I am not an accomplished birder; I’ve never had time or leisure for that, but I am an enthusiastic one and try to weave a birding trip into every vacation. In the mid-eighties, I cut my teeth on diurnal raptors and began as a hawk watcher until a friend from Cape May got me into waterfowl and what I called hawk bait: the beautiful many-colored warblers. I am terrible at recognizing songs though, and the recordings are hard for me to follow. After a while, I cannot remember “bzzeet, bzzeet” from “bee buzz buzz.” I am still most happy and comfortable trying to identify distant birds of prey from a mountain hawk watch.
In Florida, I toured the Saint John’s river where I saw my first Swallow-Tailed Kites and Purple Gallinule. I made sure to pick up a tick as a souvenir while hiking the dunes near Orlando to see the Florida Scrub Jay. In Colorado, I got a look at hummingbirds that are never seen (at least I haven’t seen them) this far east.
My first Toucan was a whole flock that took off ahead of our tour while I horseback riding in the jungles of Belize. I’ll never forget the nesting Peregrine falcons on the quarry cliffs behind Scrabbo Tower above my friend Vincent’s home in Newtownards, Northern Ireland, or the “buzzards” and falcons we saw above the sheep pastures and sea-side cliffs along the North Coast.
For over a decade I enjoyed seeing a wide variety of birds just a short distance from my home where the north branch of the Susquehanna River meets the West Branch. And from the boat or kayak, I enjoyed frequent glimpses of green herons, great blues, egrets, wood ducks, bald eagles, osprey, kingfishers, cormorants and many more.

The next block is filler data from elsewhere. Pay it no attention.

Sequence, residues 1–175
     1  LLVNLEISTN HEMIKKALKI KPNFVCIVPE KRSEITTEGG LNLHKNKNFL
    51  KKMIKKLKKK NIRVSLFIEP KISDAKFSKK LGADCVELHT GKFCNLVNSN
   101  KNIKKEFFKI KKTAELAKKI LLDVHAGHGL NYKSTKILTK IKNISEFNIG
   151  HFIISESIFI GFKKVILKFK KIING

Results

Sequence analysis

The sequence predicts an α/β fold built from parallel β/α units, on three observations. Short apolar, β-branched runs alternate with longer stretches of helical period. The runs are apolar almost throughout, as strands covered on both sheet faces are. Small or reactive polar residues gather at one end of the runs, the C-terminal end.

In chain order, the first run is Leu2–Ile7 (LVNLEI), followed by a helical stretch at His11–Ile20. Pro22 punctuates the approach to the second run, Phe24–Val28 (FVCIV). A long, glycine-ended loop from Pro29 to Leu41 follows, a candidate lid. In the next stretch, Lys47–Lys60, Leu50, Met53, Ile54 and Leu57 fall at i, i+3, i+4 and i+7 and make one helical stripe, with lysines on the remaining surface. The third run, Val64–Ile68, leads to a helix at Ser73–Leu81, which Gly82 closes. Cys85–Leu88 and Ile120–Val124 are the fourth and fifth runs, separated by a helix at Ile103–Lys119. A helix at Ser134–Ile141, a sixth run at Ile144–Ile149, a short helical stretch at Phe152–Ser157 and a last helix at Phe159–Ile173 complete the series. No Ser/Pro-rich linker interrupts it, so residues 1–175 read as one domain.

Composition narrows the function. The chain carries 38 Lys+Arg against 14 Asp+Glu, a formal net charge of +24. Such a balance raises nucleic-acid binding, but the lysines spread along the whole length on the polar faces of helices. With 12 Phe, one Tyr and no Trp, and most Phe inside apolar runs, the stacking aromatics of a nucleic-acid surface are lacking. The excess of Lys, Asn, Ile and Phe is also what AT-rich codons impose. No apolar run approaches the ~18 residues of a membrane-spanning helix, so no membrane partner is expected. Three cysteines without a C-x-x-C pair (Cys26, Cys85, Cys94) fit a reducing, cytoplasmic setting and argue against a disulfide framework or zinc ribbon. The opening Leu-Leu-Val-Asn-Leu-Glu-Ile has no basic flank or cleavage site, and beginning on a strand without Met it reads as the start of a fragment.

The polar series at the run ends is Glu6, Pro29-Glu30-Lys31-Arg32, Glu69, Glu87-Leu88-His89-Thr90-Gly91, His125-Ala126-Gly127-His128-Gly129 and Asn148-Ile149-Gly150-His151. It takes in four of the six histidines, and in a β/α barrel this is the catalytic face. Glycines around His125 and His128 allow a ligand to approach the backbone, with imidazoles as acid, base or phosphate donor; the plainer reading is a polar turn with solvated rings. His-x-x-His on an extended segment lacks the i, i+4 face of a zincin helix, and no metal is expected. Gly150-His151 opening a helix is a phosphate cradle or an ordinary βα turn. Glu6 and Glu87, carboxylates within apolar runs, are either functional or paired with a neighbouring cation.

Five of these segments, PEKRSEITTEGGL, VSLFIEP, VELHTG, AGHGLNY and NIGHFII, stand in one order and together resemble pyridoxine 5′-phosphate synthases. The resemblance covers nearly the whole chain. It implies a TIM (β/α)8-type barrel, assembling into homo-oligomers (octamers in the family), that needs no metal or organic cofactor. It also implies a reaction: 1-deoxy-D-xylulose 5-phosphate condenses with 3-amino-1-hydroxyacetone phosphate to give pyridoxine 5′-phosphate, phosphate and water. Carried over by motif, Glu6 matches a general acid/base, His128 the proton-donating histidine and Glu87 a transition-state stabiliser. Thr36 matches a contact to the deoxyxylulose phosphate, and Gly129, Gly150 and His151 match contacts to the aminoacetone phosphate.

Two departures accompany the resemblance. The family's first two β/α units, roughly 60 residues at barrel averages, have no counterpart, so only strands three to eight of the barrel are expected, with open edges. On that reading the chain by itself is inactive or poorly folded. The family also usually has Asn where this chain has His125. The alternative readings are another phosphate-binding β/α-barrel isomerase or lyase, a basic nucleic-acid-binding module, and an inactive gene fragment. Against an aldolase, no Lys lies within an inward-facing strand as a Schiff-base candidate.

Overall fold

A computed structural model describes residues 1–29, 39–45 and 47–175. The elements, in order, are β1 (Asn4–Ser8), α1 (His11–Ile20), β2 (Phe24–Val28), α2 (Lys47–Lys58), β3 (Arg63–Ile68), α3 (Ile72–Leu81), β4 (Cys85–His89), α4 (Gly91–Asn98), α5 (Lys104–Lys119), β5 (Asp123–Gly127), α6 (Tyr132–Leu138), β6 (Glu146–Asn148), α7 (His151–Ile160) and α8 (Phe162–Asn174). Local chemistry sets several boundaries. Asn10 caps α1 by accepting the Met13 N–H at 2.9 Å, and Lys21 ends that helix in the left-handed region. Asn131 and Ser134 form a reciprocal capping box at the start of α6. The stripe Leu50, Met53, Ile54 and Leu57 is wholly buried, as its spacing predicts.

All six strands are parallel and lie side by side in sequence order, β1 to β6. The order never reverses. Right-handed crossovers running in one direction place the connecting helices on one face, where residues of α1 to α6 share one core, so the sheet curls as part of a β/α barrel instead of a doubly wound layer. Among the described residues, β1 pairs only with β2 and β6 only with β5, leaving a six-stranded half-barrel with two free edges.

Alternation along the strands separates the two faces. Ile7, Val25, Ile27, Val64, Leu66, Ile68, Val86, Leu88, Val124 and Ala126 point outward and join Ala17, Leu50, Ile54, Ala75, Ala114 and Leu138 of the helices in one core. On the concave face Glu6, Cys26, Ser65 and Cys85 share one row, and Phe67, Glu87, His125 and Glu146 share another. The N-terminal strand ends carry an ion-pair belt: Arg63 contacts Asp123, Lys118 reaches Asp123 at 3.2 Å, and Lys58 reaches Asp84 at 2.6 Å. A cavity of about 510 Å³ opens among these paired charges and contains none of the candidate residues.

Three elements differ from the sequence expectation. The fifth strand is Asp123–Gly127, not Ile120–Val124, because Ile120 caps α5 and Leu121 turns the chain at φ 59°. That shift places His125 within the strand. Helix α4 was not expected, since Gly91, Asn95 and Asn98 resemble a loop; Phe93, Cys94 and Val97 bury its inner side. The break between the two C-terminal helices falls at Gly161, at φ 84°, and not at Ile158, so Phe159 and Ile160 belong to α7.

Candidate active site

Since October of 2016, I’ve been living a bit further up the north branch of the river near Wilkes-Barre. I still see plenty of Bald Eagles nearby, and this neighborhood has its share of bird feeders, and therefore Accipiters. My youngest son and I have seen both adult and juvenile Sharp-shinned Hawks here. In late May, well after Broad-wing migration, we saw a local Broadie on three different days, right here in the suburban hills.
Down near the river, there are plenty of Catbirds, Tufted Titmice, Eastern Bluebirds, and Song Sparrows, among others. And we’ve spent a fair amount of time in the woods looking for spring warblers this year and practicing the art of pishing. I am hopeful of learning more songs. I saw a Black and White Warbler (my first in years!) and a Pine Warbler at Eals Preserver on Moosic Mountain, where I also experienced more Eastern Towhees than I have ever seen or heard in my life. We heard plenty of Ovenbirds around Seven Tubs, and have seen both Wood Thrush and Hermit Thrush from Bear Creek Preserve to the old over-grown park of Moon Lake. We pished out into the open a Northern Parula Warbler at the Council Cup lookout, and I know I’m missing some of this spring’s highlights.
While I don’t get the chance to be on the hawk watch as much as I would like, I try to wedge a bird outing into whatever business or pleasure travel I can. In fact Council Cup, just a half an hour down river seems to have been a manned reporting station for fall hawk migration the last couple of years, so I plan to check that out, and hope to report.
Note: No, I don’t take many pictures. Not because I wouldn’t like to, but my optics, for now, are Nikon binoculars and scope. I am big into observing behavior, and for stress-reduction purposes, I’ve preferred to stay in the moment, rather than spend the money on cameras and lenses. Maybe someday.